All India Kisan Sabha welcomes GM mustard, demands extensive testing of hybrid seeds

AIKS general secretary Hannan Mollah says that the control of technology should remain with the governments and public sector

October 28, 2022 08:10 pm | Updated October 29, 2022 02:27 am IST - New Delhi

 AIKS general secretary Hannan Mollah. File

 AIKS general secretary Hannan Mollah. File | Photo Credit: The Hindu

Even as RSS-supported organisations such as the Bharatiya Kisan Sangh and the Swadeshi Jagaran Manch opposed the Genetic Engineering Appraisal Committee (GEAC)’s green signal to commercially cultivate genetically modified mustard, Left wing farmers’ organisation All India Kisan Sabha (AIKS) welcomed the development. AIKS general secretary Hannan Mollah, however, said the control of the technology should remain with the governments and the public sector and extensive testing of the hybrid seed must be done by the Indian Council of Agriculture Research (ICAR).

Talking to The Hindu on the sidelines of a function to release the logo of AIKS’s national conference to be held in Thrissur in December, Mr. Mollah said his organisation is not against GM crops. “We are not against science. We have to utilise technology to increase production. In India, with a huge population, we need to increase our production. Technology must be used for this. Our objection is different. If the technology is given by the corporate houses, they prepare the products according to their needs. It will create problems,” he said.

Mr. Mollah added that the AIKS wants extensive testing of the hybrid seeds by public sector laboratories to assess the impact on the soil, other plants and on the lives of animals and humans. “Now, the hybrid seed will be tested by the ICAR. It is government’s research wing. They cannot cheat the people. They will have to come to the people with the results of the testing. If it is not harmful, we have no objection. After the tests, if it is established that hybrids seeds are not harmful and helps in increasing the yield, the government should allow its cultivation,” Mr. Mollah added.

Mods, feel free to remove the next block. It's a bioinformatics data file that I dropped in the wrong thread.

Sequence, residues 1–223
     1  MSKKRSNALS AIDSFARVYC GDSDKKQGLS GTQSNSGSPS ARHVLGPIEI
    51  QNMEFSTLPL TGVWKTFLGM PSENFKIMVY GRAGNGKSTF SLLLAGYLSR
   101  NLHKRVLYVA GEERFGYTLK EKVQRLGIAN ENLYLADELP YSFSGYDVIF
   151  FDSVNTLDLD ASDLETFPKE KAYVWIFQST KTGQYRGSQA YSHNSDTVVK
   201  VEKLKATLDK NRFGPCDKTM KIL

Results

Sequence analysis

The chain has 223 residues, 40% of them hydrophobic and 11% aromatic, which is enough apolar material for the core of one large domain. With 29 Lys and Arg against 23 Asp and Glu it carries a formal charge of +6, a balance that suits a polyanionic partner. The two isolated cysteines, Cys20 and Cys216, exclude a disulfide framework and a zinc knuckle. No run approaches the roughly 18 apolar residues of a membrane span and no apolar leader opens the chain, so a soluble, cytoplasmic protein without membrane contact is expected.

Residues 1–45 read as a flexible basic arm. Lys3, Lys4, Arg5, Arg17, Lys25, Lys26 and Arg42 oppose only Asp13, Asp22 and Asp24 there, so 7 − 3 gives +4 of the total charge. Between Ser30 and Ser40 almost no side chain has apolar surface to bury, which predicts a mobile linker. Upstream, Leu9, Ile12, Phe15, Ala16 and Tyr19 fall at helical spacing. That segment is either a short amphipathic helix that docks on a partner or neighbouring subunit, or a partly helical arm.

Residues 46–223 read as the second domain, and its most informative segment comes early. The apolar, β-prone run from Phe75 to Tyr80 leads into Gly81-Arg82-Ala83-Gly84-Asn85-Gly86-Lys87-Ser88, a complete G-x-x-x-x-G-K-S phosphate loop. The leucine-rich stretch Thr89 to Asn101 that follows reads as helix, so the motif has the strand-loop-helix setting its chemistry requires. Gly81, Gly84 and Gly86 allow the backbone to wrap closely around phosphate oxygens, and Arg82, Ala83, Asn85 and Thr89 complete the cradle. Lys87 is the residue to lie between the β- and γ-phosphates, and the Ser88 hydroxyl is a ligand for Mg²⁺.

On BT cotton, he said, farmers have been demanding for pest resistant varieties. “The government should find out where things went wrong and it must be rectified. Due to BT cotton, production has increased. But the complaint of the farmers on pest attacks must be addressed by the government,” he said.

Industries have also generally welcomed the decision on BT mustard. Pankaj Dwivedi, Head of Agronomy, nurture.farm, a start-up, cultivation of GM cotton has helped India to became the second-largest producer of cotton in the world. “Similarly, we need to determine how GM mustard will boost domestic production and lessen our reliance on imports. As India’s agricultural acreage decreases due to rapid urbanisation and unpredictable weather that jeopardises the production of staple foods like rice and wheat, many scientists and agricultural experts have called for faster clearance of GM crops. Only after a thorough scientific assessment of GM crops’ advantages and safety should the crops be made available to the general public,” Mr. Dwivedi said.

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